Kissing Your Cat

By July 29 | See Comments

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Kissing Your Cat

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The common saying is to refrain from kissing your cat. This is good advice as there exist a few real risks when you kiss your cat. It is obvious that you should not kiss the cat when the animal is sick. The problem with cats is since they are stoic by nature, it is hard to figure out whether the feline is ill or not.

Transmissible diseases

Not all cat diseases are applicable to you. Kennel cough is completely a cat thing, and you will never catch it. There are many zoonotic diseases, however, which could be transferred from felines to humans. The list of zoonotic diseases includes common bacteria, like Salmonella, Pasteurella, E-coli, and Staphylococcus. All these diseases are extremely contagious. The ringworm is another common, highly contagious fungal infection. It can swiftly spread from the affected cat to a human. The disease is relatively harmless but can be a pain to treat.

Another risky zoonotic disease is Bartonella or cat scratch fever. It has been known to pass to humans. Parasites like Toxoplasmosis could occasionally be transmitted to humans by clumsy management of kitty litter. In case you believe your cat has any one or all of the above diseases, do not kiss the animal or touch it. Refer to a veterinarian as quickly as possible.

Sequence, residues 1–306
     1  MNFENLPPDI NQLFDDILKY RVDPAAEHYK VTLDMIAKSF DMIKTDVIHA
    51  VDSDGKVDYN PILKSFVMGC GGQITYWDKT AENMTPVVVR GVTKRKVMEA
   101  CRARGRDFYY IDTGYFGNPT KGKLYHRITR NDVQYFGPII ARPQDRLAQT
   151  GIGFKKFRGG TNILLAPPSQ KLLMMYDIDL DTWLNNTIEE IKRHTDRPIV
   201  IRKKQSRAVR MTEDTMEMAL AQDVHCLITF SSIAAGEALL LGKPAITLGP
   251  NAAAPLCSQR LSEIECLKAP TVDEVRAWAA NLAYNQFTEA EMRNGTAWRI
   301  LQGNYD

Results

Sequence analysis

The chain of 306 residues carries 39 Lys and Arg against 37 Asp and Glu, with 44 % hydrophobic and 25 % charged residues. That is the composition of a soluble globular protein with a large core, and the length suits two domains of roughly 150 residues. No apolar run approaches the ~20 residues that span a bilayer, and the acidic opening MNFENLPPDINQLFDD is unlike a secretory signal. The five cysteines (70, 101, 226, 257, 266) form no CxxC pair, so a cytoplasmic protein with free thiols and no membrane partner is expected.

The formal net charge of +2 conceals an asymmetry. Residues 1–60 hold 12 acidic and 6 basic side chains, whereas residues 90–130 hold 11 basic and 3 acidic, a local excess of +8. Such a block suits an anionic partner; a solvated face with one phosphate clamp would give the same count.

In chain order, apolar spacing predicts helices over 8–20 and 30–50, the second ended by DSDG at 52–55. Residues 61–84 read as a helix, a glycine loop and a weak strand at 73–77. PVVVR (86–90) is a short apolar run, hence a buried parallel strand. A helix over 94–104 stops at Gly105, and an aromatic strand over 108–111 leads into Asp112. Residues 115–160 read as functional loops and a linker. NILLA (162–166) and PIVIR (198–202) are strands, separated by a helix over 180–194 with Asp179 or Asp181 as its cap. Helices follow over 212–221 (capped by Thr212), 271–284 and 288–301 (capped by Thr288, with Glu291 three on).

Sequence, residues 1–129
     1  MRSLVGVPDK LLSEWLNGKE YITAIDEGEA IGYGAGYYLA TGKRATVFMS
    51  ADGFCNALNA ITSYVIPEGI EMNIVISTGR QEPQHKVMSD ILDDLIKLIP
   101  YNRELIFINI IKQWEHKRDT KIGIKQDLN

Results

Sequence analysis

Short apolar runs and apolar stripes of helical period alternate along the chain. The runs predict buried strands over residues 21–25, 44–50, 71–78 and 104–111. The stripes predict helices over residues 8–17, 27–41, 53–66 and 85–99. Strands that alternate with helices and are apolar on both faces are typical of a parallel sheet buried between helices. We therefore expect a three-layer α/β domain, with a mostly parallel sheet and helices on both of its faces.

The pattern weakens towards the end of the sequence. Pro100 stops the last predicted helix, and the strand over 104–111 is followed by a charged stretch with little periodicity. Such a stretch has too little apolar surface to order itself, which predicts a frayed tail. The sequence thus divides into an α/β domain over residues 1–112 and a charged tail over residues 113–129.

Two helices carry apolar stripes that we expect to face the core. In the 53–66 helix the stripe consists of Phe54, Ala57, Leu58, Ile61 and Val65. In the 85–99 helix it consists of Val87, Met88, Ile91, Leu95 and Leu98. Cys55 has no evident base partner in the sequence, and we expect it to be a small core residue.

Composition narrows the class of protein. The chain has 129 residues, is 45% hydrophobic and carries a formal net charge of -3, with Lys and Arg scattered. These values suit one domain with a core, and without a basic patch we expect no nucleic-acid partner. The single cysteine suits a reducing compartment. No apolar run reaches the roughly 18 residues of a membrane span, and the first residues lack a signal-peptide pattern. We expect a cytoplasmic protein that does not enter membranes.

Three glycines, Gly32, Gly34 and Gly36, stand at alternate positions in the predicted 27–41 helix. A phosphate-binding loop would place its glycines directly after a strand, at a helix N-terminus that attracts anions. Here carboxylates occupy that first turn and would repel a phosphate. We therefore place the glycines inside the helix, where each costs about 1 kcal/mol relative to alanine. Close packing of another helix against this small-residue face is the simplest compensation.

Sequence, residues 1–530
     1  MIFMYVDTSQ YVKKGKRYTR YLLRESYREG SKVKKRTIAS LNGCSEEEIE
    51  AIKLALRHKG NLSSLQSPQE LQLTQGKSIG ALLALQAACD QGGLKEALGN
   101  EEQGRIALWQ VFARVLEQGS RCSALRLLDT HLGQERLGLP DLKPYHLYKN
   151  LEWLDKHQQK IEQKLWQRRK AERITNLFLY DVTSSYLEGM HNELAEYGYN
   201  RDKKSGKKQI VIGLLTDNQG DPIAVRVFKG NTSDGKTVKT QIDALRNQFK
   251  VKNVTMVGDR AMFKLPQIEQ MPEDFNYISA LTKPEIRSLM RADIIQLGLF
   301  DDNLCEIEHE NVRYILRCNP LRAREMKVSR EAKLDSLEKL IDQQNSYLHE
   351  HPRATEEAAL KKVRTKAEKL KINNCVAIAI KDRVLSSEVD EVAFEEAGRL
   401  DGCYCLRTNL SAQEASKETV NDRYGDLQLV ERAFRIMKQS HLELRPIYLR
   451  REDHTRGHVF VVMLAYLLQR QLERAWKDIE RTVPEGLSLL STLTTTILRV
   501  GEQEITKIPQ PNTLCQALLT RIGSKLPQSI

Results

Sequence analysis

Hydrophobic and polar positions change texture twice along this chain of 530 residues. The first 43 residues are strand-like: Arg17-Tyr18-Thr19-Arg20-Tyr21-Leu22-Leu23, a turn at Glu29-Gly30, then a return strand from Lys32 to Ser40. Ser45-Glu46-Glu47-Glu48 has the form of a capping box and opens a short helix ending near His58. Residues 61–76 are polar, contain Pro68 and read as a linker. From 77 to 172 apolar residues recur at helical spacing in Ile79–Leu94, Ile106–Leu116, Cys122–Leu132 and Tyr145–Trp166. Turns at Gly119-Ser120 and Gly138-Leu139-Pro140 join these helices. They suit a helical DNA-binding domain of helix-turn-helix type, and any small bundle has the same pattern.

Lip kissing

Contrary to popular notion, do not kiss your cat on its lips. It is simply a rumor that the lips of a cat are more hygienic than a human's. The lips of the cat, however, may contain bacteria which could result in gum disease. Since a cat is a predator, it also eats animals and also insects which could be disease carriers. It is thus unsafe to kiss your cat on its lips. Alternatively, give a peck on the kitty's head as this action has less chance of carrying any disease. You can ensure the oral hygiene of your cat by regularly brushing the feline's teeth or the administration of mouth wash. The veterinarian will be the best person to advise you on the techniques to do this. There is no harm in doing a quick peck if both you and your cat are healthy. The risk of transmitting disease is quite low. Some humans, however, are at risk when they come in close contact with animals. The people who must stay away from close contact with felines include pregnant women and toddlers. Also at risk are immunocompromised individuals (like those who have HIV) and people having lowered immune systems. If you or any members of your family fall into this category, then it is an excellent idea to consult a physician. If you want to kiss your cat, do it only when the animal is relaxed and calm.

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